You can receive an immigration permit if you are willing to invest your capital in Mexico. You investment can be directed at industry or services, and must equal a minimum set amount—check separately for the latest investment levels required for this visa.
If you are a qualified professional, you can have your certificates validated by the Mexican Consulate in your home country and apply for an immigration visa to live in Mexico and seek permanent residence.
Technical or Scientific Professions
If you are a qualified technician or scientist, Mexico offers a category of visa which enables you to live and work in Mexico under sponsorship from a foreign company. For example, if the company wants to open an office or factory in Mexico, a person or persons representing that company may enter Mexico to manage the commercial operations on a long term basis.
Artists and Sports People
Artists or sports people who seek long term permanent residency in Mexico may apply for a FM2 visa. Each case is considered individually and entry is at the Interior Ministry's discretion.
Detailed Information about FM2 Visas
For detailed information about FM2 visas, contact an immigration lawyer or download the Mexico Immigration Guide eBook
May I be granted Mexican Citizenship?
Acquiring Mexican Citizenship (naturalization) is an involved process. As a minimum, you must have been living in Mexico for a qualifying period* under the auspice of a FM2 visa and have applied for, and been granted, permanent resident status (although exceptions to this rule may apply, depending upon a variety of circumstances).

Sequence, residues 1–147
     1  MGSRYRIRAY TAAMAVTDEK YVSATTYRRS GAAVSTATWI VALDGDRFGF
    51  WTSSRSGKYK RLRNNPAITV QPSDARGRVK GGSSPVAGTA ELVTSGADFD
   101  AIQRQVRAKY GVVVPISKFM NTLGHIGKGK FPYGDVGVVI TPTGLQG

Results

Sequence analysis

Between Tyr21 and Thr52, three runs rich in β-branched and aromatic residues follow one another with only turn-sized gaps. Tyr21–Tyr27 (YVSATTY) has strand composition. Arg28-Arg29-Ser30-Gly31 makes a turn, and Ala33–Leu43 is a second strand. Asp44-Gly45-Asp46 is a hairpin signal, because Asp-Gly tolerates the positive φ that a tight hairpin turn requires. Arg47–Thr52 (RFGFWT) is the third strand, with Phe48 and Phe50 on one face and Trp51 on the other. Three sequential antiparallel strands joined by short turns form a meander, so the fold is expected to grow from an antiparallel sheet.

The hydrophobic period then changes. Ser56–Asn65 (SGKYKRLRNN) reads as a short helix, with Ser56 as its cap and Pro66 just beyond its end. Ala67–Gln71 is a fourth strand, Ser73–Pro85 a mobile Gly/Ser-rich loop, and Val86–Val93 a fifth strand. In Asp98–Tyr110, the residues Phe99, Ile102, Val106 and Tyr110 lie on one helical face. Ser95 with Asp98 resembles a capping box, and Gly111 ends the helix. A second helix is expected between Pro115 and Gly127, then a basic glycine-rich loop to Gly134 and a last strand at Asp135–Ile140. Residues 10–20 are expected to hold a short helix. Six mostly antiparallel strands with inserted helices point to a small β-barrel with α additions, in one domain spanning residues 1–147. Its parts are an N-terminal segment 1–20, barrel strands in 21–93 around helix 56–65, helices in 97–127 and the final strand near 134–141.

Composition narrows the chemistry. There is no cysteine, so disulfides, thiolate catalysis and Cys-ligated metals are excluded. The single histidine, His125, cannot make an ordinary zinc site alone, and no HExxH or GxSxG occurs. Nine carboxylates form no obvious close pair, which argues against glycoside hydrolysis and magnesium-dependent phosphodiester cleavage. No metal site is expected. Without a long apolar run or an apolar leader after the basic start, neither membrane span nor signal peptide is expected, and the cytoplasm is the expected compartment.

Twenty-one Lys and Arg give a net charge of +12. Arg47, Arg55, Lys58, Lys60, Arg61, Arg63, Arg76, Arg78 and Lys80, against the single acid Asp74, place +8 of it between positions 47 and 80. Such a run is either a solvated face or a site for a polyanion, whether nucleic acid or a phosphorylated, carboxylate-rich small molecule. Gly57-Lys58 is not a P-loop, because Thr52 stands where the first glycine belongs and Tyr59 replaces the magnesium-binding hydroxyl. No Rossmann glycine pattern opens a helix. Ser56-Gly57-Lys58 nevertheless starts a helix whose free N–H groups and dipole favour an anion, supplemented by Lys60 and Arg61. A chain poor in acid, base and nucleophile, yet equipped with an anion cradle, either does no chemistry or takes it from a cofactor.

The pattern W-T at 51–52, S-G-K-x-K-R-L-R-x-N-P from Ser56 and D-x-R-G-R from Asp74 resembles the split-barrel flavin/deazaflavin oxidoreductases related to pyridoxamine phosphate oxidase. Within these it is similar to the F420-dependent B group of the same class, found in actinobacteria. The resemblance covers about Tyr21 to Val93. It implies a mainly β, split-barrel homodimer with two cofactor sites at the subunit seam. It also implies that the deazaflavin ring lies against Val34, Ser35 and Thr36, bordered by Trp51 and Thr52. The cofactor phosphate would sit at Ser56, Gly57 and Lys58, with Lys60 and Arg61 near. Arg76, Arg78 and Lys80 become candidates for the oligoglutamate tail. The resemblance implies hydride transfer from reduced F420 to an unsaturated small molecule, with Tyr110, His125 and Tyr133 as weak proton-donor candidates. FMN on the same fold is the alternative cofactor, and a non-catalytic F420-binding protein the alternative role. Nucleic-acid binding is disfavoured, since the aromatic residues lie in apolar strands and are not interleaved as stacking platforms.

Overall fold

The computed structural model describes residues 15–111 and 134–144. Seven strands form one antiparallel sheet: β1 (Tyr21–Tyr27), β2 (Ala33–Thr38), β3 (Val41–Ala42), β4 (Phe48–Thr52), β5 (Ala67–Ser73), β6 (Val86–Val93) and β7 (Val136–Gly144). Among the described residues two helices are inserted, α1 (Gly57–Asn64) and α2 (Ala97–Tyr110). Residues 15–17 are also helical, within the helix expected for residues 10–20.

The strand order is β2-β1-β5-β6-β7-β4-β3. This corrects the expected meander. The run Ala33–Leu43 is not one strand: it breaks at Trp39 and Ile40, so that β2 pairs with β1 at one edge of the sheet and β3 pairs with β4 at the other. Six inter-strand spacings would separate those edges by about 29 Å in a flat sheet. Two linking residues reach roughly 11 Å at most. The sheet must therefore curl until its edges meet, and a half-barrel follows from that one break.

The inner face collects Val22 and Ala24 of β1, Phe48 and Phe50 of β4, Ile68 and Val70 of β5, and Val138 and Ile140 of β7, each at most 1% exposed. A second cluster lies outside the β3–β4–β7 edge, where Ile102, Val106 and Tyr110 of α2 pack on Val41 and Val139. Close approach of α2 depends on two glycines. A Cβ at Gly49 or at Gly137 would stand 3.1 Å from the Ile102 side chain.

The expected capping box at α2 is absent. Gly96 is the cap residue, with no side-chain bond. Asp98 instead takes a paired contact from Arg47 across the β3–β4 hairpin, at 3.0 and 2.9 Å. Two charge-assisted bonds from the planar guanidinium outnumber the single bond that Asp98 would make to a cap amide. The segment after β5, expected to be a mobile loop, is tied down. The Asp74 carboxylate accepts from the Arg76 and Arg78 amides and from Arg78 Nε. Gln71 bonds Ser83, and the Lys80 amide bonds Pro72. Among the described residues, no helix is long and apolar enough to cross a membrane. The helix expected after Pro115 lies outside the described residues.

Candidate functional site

Marriage to a Mexican national, for example, might enable naturalization with a shorter qualification period.
You will be asked to undertake an exam, which you must pass, in order to acquire naturalization/citizenship. The examination is of a "multiple choice" type, comprises of some fifteen questions, and is not hard—although you will need a basic grasp of the Spanish language to pass it.
See Also: Becoming A Naturalized Mexican
*Qualifying periods vary depending on your circumstances.
Detailed Information Mexican Citizenship
For detailed information about acquiring Mexican Citizenship, including information about the exam you need to pass, contact an immigration lawyer or download the Mexico Immigration Guide eBook
Which Mexican Visa is Right for Me?
Below are some examples of situations and the type of visa you may consider applying for.
Non Immigrant (FMM and FM3)
When you do NOT want to seek permanent residence in Mexico